True or false?"

              absolutely nothing contextual about other countries and their policies, maybe you should try wording your trollish comments better.

              In fact the question was answered clearly and with proof that you are wrong, and your only response was to agree with me and say it also happens in other countries.

              so thanks for agreeing, now I bet you have to have the final word, it's just your personality type

              but I am done with this before you start trying to bring up the moon landing in your "context" of the question

    • Anonymous says:

      true…whodatis! so true!

  9. Anonymous says:

    ezzard…. king of the small town, small minded, backward soundbite

  10. Anonymous says:

    Fine by me…i’m bringin my jackhammer.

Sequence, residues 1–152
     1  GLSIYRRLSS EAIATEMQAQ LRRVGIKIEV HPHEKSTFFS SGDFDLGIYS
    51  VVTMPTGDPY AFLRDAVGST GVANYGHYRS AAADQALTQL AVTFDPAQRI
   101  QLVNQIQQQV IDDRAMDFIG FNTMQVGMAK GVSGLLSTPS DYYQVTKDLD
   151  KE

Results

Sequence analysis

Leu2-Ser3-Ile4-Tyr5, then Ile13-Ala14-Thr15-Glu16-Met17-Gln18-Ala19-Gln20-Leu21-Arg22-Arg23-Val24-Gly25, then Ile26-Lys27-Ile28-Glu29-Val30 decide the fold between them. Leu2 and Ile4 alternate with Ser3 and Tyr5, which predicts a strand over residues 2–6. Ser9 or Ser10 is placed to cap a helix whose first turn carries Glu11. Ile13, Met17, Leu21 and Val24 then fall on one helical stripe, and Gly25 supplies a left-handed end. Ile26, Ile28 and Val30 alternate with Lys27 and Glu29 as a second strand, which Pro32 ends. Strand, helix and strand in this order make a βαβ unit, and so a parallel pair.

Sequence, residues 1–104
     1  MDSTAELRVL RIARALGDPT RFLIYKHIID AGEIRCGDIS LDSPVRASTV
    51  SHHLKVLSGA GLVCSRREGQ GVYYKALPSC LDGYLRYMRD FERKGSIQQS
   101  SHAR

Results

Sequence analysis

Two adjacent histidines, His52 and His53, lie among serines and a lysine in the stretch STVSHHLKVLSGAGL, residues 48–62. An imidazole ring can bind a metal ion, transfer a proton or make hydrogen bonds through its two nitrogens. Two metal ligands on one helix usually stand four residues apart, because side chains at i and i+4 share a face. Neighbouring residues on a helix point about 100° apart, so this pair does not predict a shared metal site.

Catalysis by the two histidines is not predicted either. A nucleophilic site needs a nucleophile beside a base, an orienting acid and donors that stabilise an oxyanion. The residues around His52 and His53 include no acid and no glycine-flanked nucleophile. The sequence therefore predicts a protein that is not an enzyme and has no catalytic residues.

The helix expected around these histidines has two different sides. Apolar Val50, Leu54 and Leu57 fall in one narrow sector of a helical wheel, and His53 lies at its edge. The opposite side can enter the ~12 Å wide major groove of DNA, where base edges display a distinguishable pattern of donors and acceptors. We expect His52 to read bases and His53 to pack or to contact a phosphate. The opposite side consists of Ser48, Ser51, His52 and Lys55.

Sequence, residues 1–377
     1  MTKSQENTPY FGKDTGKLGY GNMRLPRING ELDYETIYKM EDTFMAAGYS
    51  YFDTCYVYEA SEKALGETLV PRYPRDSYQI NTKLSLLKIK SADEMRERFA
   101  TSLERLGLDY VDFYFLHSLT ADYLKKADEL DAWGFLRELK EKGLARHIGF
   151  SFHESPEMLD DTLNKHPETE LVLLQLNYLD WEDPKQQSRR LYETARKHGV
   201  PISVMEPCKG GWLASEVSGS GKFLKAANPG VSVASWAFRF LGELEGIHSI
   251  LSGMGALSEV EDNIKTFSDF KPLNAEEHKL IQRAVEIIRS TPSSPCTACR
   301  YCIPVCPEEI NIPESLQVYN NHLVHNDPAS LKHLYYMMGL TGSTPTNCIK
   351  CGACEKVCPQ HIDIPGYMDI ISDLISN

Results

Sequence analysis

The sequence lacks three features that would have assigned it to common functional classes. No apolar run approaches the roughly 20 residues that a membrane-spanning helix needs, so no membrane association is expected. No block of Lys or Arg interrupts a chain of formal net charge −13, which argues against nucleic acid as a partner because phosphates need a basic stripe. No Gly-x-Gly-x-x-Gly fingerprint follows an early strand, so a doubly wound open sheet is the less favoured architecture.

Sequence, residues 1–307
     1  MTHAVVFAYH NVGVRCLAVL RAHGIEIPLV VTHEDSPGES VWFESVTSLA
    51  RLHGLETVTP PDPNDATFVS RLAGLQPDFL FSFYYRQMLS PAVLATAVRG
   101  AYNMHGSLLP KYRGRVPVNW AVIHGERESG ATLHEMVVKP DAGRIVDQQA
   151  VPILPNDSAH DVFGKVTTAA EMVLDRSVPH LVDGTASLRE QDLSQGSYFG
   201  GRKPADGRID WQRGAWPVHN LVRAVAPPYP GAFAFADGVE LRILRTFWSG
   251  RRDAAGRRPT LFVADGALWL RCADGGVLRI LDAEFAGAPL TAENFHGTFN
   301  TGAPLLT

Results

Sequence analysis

11. Anonymous says:

    Unemployed Caymanians can't get work because they can't do work.  All the employable Caymanians are busy working.  Makeing Cayman business hire unemployable Caymanians over outside skill is a great way to make friends and destroy business.  Ezzard Millar should put his considerable energy into bringing the education level of future Caymanian workers up to the rest of the worlds level.  Thats the real problem.  Fis it the right way Ezzard.

    • Anonymous says:

      By the looks of it, you too can do with some "Education"

      Just saying. If you are going to offer such a comment, please ensure that your spelling is correct.

    • Anonymous says:

      And educated Caymanians are not limited to this tiny island.  They are welcomed to work in countries all over the world, and do! 

      • Anonymous says: